- Indeed, one analogy will be the teachers: When teachers first started to learn using the computer, they have to learn to login and get familiar with the windows environment... What happens after that? It is a painless process to do all these now because it has become part and parcel of their daily routines... do they still have to spend that amount of time to look for the keys to press and the buttons to click at? Indeed, they are now using the tools (the applications) to aid their work... similarly, we want pupils be able to make use of the tools to learn, too... I think, it is a matter of recognising the need and the willingness to 'sacrifice'... of course, some teachers will ask: "Why me?"... On the other hand, if it's for the good and benefit to the pupils, then "Why not?" and "Why wait?"... Let's step back a little and think: What's our role as teachers? Should we compromise or delay pupils' learning experience because of our fear or incompetence?
- Another HOD/IT recognised the fact that Baseline is there for the pupils and agreed with its rationale: to better prepare pupils for the future... He is more concern how to implement that in the school. Currently, the teachers are still matching the resources to the SOW. Have highlighted to him the resources in the baseline website and how the curriculum integration map comes in helpful in the planning.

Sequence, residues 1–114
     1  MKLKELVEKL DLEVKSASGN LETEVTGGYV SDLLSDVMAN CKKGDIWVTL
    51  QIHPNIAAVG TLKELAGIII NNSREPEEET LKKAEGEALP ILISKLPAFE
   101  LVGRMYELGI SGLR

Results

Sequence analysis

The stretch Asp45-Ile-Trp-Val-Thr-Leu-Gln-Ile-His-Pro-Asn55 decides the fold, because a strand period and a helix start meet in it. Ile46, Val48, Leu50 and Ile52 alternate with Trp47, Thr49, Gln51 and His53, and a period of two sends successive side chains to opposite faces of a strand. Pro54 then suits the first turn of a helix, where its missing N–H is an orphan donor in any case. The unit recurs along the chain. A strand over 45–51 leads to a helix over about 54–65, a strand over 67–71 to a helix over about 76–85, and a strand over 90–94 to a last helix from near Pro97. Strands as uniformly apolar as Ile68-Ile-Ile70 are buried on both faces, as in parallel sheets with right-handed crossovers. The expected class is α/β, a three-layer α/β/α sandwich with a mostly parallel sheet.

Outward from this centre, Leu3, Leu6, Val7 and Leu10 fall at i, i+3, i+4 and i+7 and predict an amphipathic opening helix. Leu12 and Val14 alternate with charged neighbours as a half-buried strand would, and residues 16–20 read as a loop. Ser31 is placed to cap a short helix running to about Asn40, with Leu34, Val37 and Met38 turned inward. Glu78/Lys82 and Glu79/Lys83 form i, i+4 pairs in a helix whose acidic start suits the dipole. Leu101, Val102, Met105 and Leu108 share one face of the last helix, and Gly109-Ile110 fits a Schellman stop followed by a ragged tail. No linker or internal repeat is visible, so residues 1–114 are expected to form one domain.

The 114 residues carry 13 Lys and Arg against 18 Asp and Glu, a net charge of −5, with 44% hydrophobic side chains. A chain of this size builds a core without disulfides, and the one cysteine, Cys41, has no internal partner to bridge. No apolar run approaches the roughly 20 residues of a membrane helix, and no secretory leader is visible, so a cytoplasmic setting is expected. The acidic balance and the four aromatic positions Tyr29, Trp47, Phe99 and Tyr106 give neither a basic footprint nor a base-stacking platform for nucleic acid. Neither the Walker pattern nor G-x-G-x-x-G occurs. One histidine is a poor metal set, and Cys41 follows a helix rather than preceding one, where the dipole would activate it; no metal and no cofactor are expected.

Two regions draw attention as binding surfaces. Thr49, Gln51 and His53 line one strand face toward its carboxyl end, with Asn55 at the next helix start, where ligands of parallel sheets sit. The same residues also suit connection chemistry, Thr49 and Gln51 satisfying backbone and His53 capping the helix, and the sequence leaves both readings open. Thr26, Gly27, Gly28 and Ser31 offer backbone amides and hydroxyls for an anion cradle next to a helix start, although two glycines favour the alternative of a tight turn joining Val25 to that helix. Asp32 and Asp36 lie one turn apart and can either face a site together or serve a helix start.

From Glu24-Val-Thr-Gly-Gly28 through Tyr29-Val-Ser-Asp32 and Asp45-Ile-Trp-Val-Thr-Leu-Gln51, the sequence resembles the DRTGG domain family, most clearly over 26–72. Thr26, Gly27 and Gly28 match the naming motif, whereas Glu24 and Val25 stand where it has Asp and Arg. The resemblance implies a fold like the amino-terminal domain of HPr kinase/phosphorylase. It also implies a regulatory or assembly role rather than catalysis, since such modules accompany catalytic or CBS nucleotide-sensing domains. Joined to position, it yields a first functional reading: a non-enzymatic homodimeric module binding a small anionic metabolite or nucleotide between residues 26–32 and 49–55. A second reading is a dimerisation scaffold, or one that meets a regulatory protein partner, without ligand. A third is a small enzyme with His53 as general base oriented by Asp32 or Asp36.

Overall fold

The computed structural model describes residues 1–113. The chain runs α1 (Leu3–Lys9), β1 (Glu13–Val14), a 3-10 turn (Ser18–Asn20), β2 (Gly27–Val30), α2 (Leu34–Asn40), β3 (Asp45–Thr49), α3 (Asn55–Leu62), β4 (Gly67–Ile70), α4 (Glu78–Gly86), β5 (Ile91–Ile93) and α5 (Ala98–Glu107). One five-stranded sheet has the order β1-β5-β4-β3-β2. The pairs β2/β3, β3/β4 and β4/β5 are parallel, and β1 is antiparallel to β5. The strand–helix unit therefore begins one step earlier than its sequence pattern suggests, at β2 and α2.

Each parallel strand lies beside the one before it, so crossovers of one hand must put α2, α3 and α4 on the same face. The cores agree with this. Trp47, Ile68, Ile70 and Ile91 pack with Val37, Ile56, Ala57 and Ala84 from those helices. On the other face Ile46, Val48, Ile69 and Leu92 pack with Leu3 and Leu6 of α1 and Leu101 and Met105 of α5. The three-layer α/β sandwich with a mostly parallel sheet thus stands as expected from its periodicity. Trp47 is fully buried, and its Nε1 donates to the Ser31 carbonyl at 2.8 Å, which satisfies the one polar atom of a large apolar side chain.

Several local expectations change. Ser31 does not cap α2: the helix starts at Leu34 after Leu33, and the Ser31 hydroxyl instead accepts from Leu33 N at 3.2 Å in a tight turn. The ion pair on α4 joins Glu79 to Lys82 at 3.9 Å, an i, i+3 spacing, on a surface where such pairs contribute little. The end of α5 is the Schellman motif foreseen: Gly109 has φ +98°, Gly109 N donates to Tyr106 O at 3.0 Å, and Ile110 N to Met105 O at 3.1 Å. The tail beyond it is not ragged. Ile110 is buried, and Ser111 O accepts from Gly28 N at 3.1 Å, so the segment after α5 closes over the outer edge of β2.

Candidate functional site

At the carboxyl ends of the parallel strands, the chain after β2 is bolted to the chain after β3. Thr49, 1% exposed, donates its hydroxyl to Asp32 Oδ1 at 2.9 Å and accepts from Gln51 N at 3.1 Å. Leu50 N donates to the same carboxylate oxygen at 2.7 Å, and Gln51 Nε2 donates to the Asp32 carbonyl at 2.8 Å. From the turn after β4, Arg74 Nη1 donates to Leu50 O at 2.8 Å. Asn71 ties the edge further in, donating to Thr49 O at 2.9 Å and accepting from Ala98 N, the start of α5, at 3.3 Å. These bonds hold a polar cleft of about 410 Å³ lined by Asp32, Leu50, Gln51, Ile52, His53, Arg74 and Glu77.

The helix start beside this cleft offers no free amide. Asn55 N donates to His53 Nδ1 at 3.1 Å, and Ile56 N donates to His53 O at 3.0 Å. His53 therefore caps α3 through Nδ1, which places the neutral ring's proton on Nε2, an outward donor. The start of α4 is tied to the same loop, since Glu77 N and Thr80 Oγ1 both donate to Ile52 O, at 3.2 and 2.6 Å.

- In terms of approach, he indicated preference in having school-wide approach, in the sense that all teachers will conduct identified lessons - that is easier to account for implementation. He is less in favour to have the IT champions to spearhead, fearing that it ended up the rest of the teachers will only sit and watch, resulting unevenless again. Have suggested getting the IT champions to handhold or provide stronger support to those who need. That also includes inviting others to sit in the lesson to observe and pick up useful pointers before they implement the lessons.